“Is it acceptable to assert ownership over material derived from the human body? Do all these patents meet the legal criteria for patenting? What are the consequences for research—could patents slow the pace of innovation by restricting access to biological materials and processes? What are the consequences for lifesaving tests and treatments—could patents limit access to them?” (Johnston)

Johnston touches on most of the important areas surrounding biomedical patents. She explains the history, advantages and disadvantage of patenting, and some of the current legal policies surrounding biomedical patents. Its easy to throw a patent on a novel, physical invention and claim ownership. The lines become blurred when the novel item in question is not physically tangible, but still beneficial and profitable. The controversy over whether or not intellectual material can or should be patented is deeper than many may suspect. This short article is a great resource for learning about some of the implications about intellectual patents and how it relates to the biomedical and biotechnology fields specifically.

 

Biomedical Patent Controversy

Is Frediani Really A Sociopath?

In Chapter 21, I found the statement from the Psychologist about Frediani’s personality to be intriguing:

“Frediani has the personality of a sociopath: charismatic, impulsive, hedonistic, smart, manipulative, faithless in sexual relationships, and ultimately remorseless” (Weinberg, 339).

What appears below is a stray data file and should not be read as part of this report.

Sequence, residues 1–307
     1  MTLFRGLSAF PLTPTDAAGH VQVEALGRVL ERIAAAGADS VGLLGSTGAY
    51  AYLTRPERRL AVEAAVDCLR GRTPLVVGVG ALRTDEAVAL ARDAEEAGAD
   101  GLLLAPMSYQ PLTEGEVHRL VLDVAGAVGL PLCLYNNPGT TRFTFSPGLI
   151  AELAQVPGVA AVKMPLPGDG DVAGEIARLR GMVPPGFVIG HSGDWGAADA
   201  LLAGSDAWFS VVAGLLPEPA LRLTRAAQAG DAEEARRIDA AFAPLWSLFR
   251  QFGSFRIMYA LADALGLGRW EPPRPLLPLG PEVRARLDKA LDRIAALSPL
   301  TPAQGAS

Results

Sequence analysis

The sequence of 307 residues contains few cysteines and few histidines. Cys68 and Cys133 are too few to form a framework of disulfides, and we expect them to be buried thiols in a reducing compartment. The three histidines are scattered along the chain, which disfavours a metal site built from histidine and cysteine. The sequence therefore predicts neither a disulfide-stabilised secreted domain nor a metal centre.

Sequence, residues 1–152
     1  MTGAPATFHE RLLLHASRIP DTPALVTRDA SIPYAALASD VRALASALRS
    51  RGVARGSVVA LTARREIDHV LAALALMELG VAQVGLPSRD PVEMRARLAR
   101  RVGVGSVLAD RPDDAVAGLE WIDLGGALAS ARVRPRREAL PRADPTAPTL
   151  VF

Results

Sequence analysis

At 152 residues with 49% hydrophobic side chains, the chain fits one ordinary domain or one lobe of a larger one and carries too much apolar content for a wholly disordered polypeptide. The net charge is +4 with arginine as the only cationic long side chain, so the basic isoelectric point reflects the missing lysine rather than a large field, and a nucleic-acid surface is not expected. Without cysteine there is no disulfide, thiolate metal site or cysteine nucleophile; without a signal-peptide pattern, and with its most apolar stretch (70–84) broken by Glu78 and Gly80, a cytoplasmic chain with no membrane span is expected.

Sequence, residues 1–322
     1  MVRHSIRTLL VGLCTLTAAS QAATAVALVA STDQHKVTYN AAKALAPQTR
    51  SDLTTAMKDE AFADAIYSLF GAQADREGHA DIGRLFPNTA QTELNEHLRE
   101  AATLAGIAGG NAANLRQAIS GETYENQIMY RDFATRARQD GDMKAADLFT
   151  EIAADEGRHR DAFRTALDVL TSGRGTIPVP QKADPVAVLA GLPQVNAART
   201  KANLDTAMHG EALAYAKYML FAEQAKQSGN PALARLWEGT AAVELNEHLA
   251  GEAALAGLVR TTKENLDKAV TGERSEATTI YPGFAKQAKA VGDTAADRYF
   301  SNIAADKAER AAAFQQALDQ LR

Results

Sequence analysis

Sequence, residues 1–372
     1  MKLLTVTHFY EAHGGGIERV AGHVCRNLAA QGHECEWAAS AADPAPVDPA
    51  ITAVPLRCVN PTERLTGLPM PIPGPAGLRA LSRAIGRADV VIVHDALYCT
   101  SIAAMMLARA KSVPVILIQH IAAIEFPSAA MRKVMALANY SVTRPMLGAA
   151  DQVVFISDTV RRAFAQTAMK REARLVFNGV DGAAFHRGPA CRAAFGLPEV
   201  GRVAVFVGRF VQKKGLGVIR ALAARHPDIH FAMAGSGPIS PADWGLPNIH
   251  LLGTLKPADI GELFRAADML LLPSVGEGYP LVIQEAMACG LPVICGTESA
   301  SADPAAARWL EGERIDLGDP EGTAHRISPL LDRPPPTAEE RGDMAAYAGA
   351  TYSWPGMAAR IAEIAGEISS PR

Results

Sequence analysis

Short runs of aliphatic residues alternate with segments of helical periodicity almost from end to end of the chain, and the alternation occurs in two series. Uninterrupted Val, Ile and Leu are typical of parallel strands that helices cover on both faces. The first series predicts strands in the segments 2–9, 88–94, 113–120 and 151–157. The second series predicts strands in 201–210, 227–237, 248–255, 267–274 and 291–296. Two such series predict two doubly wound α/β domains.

This was not the first time the possibility that Frediani had a sociopathic personality has been brought up in the novel. However, following the end of the trial I was inclined to believe that Frediani was indeed sociopathic. I looked up information about connections between sociopathic personalities and violent or murderous behavior. I found an article titled, “The Sociopath-Serial Killer Connection.”  This article stated that many of the qualities that are common in serial killers are also common characteristics of sociopaths. Frediani was not a serial killer, but I was interested in seeing how many of these qualities were similar between Frediani and serial killers. The article listed some of the same qualities of a sociopath as the psychologist Weinberg quoted: “a disregard for laws and social mores, a disregard for the rights of others, a failure to feel remorse or guilt, and a tendency to display violent behavior.” These are all qualities that Frediani displayed over and over again. The article also stated that sociopaths are “easily agitated” and “prone to emotional fits of rage.” This is consistent with Frediani’s behavior around his girlfriends. He showed a pattern of getting easily agitated and ended up physically enraged with them.